Will Democrats lose their edge & momentum if Obama cuts Medicare & Social Security substantially in debt talks?

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Previously, the initial discussions on the debt ceiling that were being led by Vice President Joe Biden called for roughly $400 billion in cuts to Medicare and Medicaid, as well as over $1 trillion in other spending cuts.

Reports in other papers today, such as the Wall Street Journal, report that Obama officials were saying Wednesday that the two sides could reach a deal that cuts the deficit by $4 trillion over at least 10 years, something the Republicans have been shooting for.

The difference now is that the Republicans (finally) are said to be ready to agree to "scaling" back some tax breaks - which is hardly the same thing as tax increases, which of course the Republicans as a national party say they will never do (or just those that sign that Grover Norquist pledge).

Are the Democrats willing to abide by major cuts in Medicare and Medicaid? Check out this quote in the Post:

“Obviously, there will be some Democrats who don’t believe we need to do entitlement reform. But there seems to be some hunger to do something of some significance,” said a Democratic official familiar with the administration’s thinking. “These moments come along at most once a decade. And it would be a real mistake if we let it pass us by.”

Minnesota House Democrat Keith Ellison, a member of the party's Progressive Caucus, says he won't go for that. He made those comments Thursday morning on Morning Joe.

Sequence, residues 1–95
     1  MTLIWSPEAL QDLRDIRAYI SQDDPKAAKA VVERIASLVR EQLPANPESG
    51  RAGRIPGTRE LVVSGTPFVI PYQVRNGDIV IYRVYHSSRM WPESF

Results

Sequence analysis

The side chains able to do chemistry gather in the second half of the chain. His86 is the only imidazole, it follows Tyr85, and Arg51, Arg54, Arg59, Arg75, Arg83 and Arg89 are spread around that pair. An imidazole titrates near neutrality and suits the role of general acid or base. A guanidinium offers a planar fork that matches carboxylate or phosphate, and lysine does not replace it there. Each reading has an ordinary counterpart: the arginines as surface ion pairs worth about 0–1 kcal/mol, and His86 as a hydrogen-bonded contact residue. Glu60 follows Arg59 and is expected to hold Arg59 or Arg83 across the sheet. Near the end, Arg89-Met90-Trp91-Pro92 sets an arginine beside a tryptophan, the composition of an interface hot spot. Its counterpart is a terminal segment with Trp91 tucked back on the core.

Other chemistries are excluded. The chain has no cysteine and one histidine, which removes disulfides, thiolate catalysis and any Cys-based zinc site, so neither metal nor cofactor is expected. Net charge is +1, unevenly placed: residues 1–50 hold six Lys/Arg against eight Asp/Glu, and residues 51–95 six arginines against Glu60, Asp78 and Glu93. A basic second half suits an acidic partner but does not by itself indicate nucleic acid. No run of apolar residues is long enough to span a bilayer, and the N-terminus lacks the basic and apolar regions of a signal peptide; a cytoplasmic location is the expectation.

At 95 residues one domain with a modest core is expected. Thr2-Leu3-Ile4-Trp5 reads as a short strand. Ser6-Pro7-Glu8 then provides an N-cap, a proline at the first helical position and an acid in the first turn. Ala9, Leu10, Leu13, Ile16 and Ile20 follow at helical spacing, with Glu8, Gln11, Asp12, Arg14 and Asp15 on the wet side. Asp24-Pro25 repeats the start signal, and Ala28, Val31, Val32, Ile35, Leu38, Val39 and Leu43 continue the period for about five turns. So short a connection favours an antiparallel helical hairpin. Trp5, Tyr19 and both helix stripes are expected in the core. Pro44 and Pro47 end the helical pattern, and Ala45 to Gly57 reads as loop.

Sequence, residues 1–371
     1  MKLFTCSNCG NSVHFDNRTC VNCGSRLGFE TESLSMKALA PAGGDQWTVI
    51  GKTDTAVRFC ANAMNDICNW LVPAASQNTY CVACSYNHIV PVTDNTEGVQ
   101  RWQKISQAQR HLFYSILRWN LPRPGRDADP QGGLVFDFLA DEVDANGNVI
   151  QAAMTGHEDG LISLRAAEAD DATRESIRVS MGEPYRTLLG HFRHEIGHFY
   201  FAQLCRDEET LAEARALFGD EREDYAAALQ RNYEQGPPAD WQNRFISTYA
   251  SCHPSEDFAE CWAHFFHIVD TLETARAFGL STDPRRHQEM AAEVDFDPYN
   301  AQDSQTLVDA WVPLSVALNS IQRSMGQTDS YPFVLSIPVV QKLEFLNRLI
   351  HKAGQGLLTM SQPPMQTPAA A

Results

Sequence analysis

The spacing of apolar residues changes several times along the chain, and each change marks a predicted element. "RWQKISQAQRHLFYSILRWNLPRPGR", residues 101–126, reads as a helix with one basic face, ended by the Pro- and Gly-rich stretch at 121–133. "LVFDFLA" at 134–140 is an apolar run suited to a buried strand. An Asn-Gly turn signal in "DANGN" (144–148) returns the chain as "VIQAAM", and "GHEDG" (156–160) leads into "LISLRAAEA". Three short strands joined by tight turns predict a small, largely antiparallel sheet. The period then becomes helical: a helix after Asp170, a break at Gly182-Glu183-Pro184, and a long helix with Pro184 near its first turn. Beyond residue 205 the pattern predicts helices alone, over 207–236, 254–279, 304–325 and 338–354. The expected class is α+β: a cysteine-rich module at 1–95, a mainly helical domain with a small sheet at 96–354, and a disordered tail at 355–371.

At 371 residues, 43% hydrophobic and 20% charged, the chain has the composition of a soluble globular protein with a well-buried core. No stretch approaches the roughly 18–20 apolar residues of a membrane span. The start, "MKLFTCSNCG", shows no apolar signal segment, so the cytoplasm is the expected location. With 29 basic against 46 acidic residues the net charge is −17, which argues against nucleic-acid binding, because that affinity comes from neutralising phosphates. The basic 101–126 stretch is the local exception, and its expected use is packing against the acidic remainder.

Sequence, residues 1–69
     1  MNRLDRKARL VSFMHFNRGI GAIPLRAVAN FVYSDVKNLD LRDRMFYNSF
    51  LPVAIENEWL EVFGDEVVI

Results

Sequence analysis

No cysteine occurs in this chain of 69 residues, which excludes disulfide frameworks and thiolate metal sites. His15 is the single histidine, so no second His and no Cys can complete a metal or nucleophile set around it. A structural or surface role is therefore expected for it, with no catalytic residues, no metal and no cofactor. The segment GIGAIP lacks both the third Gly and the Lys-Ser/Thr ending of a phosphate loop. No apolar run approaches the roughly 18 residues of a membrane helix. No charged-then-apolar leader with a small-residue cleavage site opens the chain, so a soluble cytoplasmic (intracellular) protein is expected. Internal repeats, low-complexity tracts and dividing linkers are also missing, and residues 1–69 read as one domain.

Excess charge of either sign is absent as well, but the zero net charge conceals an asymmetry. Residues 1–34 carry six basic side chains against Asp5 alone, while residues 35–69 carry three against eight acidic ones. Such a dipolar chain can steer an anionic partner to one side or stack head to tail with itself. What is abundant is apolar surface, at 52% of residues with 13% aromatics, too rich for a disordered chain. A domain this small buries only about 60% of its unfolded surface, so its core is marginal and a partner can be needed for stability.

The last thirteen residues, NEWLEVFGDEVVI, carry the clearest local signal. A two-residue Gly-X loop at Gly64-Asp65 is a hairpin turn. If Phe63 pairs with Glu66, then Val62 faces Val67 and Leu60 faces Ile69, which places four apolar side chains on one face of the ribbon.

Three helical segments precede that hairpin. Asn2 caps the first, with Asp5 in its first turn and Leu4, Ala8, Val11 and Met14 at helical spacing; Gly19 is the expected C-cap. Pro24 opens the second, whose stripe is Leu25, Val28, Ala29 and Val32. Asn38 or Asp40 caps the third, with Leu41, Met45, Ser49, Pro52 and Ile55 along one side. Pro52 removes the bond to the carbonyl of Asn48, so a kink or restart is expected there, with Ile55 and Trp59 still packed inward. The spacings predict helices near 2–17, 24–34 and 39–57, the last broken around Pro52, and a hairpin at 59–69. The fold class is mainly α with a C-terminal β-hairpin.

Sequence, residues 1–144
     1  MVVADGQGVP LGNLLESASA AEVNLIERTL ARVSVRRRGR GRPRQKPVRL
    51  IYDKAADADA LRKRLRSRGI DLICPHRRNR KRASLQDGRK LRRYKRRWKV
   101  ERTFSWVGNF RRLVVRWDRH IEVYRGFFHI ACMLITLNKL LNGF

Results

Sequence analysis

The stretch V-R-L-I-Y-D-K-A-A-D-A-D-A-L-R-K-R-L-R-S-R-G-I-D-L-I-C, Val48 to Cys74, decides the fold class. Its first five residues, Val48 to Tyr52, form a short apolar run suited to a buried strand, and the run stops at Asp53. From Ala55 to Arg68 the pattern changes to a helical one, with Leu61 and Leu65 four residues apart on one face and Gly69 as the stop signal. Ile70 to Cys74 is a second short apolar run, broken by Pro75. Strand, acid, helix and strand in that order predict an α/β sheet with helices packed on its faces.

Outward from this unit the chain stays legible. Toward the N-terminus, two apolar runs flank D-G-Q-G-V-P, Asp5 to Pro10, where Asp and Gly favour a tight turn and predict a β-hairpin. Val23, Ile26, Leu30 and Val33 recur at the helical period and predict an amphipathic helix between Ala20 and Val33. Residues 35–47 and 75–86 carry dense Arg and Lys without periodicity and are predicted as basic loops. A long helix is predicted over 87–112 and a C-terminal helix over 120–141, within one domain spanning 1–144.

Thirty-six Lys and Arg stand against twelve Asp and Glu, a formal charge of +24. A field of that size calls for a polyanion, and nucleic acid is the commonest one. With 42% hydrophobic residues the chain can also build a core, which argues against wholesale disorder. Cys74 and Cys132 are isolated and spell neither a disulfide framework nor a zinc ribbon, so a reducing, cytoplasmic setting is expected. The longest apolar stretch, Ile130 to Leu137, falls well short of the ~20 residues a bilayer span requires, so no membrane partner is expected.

What about Castor and others in the party? As everyone realizes, the pressure is on to get a deal with the next couple of weeks. If it goes down as its being reported in today's major national dailies, it appears that, like last December, despite the fact that Democrats still control the Senate and the White House, the Republicans may have again gotten the better deal.

  • Kathy Castor

Democrats in Florida have been on a bit of a roll in 2011 - mainly because of the major dissatisfaction in Governor Rick Scott. Their base has been energized locally and nationally, mainly due to the overall opposition to the House Republican plan that would dismantle Medicare.

A Public Policy Polling institute survey released Wednesday showed that in Florida, 40 percent oppose the Ryan plan, with just 24 percent supporting it.

Republicans and members of the media who speak with Democrats who condemn the Ryan plan have asked them:what are you going to do about Medicare, which is growing insolvent in the coming years.

Democrats (such as Kathy Castor) have countered that the health care reform plan of 2010 deals with that - but what will they say in the immediate future, depending on what happens as President Obama meets with top House and Senate leaders today in Washington to get serious about crafting a plan to deal with the debt ceiling?

The Washington Post reports that when Obama sits down with those officials today, he is considering a plan that plan that would "force Democrats to accept major changes to Social Security and Medicare in exchange for Republican support for fresh tax revenue."

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